and the assembler will change* all of its occurrences, rather than search the entire program trying
to find every occurrence.
END directive
Another important pseudocode is the END directive. This indicates to the assembler the
end of the source (asm) file. The END directive is the last line of an 8051 program, meaning that
in the source code anything after the END directive is ignored by the assembler. Some
assemblers use ". END" (notice the dot) instead
of "END".

Rules for labels in Assembly language

By choosing label names that are meaningful, a programmer can make a program much
easier to read and maintain. There are several rules that names must follow. First, each label
name must be unique. The names used for labels in Assembly language programming consist of
alphabetic letters in both uppercase and lowercase, the digits 0 through 9, and the special
characters question mark (?), period (.), at (@), underline (_), and dollar sign ($). The first
character of the label must be an alphabetic character. In other words it cannot be a number.

Every assembler has some reserved words that must not be used as labels in the program.
Foremost among the reserved words are the mnemonics for the instructions. For example,
"MOV" and "ADD" are reserved since they are instruction mnemonics.


In the 8051 there are a total of four ports for I/O operations. Examining Figure 4-1, note
that of the 40 pins, a total of 32 pins are set aside for the four ports PO, PL P2, and P3, where
each port takes 8 pins. The rest of the pins are designated as V rt, GND, XTAL1, XTAL2. RST,

I/O port pins and their functions

The four ports PO, Pi, P2, and P3 each use 8 pins, making them 8-bit ports. All the ports
upon RESET are configured as inputs, ready to be used as input ports. When the first 0 is written
to a port, it becomes an output. To reconfigure it as an input, a 1 must be sent to the port. To use
any of these ports as an input port, it must be programmed, as we will explain throughout this
section. First, we describe each port.

Figure . 8051 Pin Diagram

Port 0
Port 0 occupies a total of 8 pins (pins 32 -39). It can be used for input or output. To use
the pins of port 0 as both input and output ports, each pin must be connected externally to a lOK-

ohm pull-up resistor. This is due to the fact that PO is an open drain, unlike PI, P2, and P3.Open
drain is a term used for MOS chips in the same way that open collector is used for TTL chips. In
any system using the 8051/52 chip, we normally connect PO to pull-up resistors.

Port 0 as input
With resistors connected to port 0, in order to make it an input, the port must be programmed by
writing 1 to all the bits. In the following code, port 0 is configured first as an input port by
writing Is to it, and then data is received from that port and sent to P1.

Port 1
Port 1 occupies a total of 8 pins (pins 1 through 8). It can be used as input or output. In contrast
to port 0, this port does not need any pull-up resistors since it already has pull-up resistors
internally. Upon reset, port 1 is configured as an input port. The following code will continuously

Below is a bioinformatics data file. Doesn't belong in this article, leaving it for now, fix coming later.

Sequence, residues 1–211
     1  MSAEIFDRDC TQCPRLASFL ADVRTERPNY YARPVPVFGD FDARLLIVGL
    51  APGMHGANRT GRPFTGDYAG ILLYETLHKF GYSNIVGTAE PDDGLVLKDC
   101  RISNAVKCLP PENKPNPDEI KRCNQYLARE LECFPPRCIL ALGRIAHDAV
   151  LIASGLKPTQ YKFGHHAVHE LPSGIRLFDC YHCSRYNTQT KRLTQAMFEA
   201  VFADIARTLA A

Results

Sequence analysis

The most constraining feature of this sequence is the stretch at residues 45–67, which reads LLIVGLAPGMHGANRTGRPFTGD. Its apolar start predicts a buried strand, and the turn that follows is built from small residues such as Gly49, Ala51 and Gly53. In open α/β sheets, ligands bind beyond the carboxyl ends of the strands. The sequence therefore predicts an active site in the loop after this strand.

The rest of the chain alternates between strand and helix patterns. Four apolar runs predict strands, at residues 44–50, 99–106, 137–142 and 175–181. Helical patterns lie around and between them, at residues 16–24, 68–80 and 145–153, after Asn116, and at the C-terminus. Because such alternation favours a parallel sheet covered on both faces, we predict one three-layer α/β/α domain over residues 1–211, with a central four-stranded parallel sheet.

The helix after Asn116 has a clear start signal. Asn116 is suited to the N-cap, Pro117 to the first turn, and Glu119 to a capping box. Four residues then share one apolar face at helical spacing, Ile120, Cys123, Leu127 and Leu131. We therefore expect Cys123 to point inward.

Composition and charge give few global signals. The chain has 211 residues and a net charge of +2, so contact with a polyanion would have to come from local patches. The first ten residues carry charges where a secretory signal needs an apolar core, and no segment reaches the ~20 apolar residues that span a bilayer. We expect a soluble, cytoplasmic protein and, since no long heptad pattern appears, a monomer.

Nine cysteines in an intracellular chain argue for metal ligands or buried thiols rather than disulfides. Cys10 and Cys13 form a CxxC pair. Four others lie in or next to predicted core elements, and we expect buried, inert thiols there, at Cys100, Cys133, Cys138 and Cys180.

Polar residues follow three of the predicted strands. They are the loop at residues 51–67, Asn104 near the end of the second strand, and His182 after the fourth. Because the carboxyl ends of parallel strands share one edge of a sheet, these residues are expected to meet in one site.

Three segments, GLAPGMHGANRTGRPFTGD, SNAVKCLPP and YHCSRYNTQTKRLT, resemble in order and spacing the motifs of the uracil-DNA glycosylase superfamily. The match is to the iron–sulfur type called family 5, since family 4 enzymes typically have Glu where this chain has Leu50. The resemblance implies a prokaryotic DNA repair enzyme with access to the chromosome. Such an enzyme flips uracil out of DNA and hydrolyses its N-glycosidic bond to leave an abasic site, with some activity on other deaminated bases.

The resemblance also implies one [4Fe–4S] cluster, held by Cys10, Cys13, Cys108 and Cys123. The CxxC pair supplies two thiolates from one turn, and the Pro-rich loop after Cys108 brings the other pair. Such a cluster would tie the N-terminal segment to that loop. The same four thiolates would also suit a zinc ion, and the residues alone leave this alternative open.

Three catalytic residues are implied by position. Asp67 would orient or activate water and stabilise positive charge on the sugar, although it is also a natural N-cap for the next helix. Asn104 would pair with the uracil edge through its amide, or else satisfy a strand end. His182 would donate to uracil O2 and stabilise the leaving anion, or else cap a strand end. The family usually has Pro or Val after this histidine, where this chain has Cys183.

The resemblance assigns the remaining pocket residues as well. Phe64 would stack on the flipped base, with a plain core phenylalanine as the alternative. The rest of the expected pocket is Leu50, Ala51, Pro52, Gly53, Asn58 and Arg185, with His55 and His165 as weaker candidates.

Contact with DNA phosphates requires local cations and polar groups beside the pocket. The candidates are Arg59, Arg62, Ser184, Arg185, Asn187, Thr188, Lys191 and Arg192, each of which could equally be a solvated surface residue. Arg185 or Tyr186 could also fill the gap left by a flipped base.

send out to port 1 the alternating values 55H and AAH.

Port 1 as input
If port 1 has been configured as an output port, to make it an input port again, it must
programmed as such by writing 1 to all its bits. The reason for this is discussed in Appendix C.2.
In the following code, port 1 is configured first as an input port by writing Is to it, then data is
received from that port and saved in R7, R6, and R5.

Port 2
Port 2 occupies a total of 8 pins (pins 21 through 28). It can be used as input or output. Just like
PI, port 2 does not need any pull-up resistors since it already has pull-up resistors internally.

Upon reset, port 2 is configured as an input port. The following code will send out continuously
to port 2 the alternating values 55H and AAH. That is, all the bits of P2 toggle continuously.

Port 2 as input
To make port 2 an input, it must programmed as such by writing 1 to all its bits. In the following
code, port 2 is configured first as an input port by writing 1 s to it. Then data is received from
that port and is sent to PI continuously.

Dual role of port 2

In many systems based on the 8051, P2 is used as simple I/O. However, in 8031-based
systems, port 2 must be used along with PO to provide the 16-bit address for external memory.,
port 2 is also designated as A8 - A15, indicating its dual function. Since an 8051/31 is capable of
accessing 64K bytes of external memory, it needs a path for the 16 bits of the address. While PO

provides the lower 8 bits via AO - A7, it is the job of P2 to provide bits A8 -A15 of the address.
In other words, when the 8051/31 is connected to external memory, P2 is used for the upper 8
bits of the 16-bit address.


Unsigned numbers are defined as data in which all the bits are used to represent
data, and no bits are set aside for the positive or negative sign. This means that the
operand can be between 00 and FFH (0 to 255 decimal) for 8-bit data.
Addition of unsigned numbers
In the 8051, in order to add numbers together, the accumulator register (A) must be